14. With the new team back in Ottawa, and potential expansion in the Atlantic provinces, the CFL will likely reach its optimum level even though the likes of Quebec, Windsor, London etc also make occasional noises regarding teams. Ironically with the 2026 FIFA World Cup being fairly open it might help a potential Canada bid. The hosting requirements are: 8-10 cities though they can make an exception as in the case of Brazil where there will be 12 Only 1 city can have two stadiums. So that means a standard bid would be 9-11 stadiums (South Africa had 10) Minimum capacity needs to be 40,000 seats but it is difficult to find a minimum requirement for a final. It does seem to be around 70,000-75,000 seats. With new stadiums in Winnipeg, Ottawa and Hamilton, likely in Regina and Toronto and potentially in Halifax and Calgary, it would seem that tomorrow Canada could find 9 venues as a minimum especially as most the current CFL stadiums are frequently increased in capacity to host the Grey Cup. Mosaic Place @ Taylor Field new Winnipeg Stadium McMahon Stadium Commonwealth Stadium BC Place Rogers Center Frank Clair Stadium the Big 'O' Halifax with maybe an expanded Hamilton or a new Argonauts stadium expandable to make 10. I expect the USA, China, Australia, and maybe Canada to bid, if the rotation formula is maintained the USA have already hosted and the MLS is not a huge draw China - after Russia and Qatar? Where next, North Korea? Australia has the stadiums but many are AFL Ovals unsuited to football Canada's MLS teams seem to be extremely popular and football is proving very popular There are 3 Canadian MLS teams, Ottawa wanted one, Edmonton have a growing Football team, and you are not too far off a domestic league.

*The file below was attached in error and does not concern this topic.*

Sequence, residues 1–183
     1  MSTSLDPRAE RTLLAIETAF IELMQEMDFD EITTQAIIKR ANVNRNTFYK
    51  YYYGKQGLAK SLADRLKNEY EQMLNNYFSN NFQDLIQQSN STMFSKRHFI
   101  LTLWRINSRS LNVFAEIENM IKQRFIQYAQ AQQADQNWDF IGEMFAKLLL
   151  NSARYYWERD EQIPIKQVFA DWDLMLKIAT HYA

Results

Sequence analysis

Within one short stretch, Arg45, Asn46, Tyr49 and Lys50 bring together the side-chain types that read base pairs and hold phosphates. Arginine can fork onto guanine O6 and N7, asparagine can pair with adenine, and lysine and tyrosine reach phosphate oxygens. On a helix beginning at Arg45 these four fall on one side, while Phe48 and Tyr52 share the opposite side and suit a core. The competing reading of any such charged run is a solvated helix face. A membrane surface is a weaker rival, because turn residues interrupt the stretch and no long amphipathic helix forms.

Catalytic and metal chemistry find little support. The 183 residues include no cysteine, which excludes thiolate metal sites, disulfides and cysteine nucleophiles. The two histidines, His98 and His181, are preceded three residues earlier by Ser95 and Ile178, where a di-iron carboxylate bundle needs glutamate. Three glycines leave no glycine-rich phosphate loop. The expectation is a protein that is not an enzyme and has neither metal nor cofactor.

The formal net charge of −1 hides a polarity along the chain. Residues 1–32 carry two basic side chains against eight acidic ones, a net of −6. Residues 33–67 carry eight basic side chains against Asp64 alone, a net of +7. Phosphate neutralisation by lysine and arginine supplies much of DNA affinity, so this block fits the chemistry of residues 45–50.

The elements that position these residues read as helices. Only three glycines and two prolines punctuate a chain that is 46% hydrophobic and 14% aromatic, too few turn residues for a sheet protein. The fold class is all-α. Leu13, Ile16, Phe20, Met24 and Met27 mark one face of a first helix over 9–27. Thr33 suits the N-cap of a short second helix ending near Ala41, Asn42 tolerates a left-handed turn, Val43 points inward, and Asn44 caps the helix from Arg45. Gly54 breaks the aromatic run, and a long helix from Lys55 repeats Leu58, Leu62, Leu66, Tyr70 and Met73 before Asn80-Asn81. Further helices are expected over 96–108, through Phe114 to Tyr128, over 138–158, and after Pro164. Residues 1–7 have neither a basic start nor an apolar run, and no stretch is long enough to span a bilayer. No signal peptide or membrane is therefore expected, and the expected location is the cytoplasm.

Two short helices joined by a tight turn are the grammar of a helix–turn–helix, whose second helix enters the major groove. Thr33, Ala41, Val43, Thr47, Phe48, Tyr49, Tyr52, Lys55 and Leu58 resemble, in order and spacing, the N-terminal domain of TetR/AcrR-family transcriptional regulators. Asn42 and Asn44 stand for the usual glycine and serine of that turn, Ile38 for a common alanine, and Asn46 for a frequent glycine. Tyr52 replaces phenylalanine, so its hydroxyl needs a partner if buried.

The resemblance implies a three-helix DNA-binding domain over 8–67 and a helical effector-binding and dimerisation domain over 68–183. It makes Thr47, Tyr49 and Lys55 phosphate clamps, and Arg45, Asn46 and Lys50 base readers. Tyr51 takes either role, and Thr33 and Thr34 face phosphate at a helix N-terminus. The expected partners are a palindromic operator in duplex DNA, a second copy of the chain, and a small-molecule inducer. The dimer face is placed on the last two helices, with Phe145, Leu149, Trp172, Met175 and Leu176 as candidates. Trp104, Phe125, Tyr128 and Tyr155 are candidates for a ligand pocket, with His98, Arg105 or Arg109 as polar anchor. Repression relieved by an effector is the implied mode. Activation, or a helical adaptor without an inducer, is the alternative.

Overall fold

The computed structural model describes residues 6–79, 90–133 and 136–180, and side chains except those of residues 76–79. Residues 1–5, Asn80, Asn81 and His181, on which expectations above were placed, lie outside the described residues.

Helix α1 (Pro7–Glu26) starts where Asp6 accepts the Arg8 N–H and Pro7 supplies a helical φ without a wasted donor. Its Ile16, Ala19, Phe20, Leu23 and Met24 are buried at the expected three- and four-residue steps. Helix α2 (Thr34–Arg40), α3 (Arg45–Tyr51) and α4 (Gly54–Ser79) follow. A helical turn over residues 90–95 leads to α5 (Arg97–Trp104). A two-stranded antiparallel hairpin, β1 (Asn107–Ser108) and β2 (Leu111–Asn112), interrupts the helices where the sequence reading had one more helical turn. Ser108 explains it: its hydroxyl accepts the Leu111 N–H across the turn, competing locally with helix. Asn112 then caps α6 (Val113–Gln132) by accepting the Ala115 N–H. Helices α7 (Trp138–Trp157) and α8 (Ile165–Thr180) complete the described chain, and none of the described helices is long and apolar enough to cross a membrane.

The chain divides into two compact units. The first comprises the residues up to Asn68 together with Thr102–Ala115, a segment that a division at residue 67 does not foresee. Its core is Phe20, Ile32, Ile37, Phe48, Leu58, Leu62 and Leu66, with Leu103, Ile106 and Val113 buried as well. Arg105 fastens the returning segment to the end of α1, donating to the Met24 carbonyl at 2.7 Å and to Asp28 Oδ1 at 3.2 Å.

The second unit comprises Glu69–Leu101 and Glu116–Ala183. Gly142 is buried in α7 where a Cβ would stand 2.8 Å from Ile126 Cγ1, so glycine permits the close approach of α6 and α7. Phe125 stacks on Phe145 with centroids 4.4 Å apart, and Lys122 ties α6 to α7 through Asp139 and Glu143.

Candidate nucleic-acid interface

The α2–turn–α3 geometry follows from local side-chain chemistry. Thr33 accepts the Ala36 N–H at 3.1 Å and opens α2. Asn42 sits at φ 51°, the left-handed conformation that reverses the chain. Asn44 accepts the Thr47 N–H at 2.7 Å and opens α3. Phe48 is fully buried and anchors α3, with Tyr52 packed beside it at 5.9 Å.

15. I wouldn't even let you into the country if I were an agent, and dump your ass back on a plane The fact that Chirac didn't have a positive impression of Finnish food, became a hurdle in the end. With the quality of the bids shortlisted all likely to be exceptionally close, any perceived weakness will be seized upon.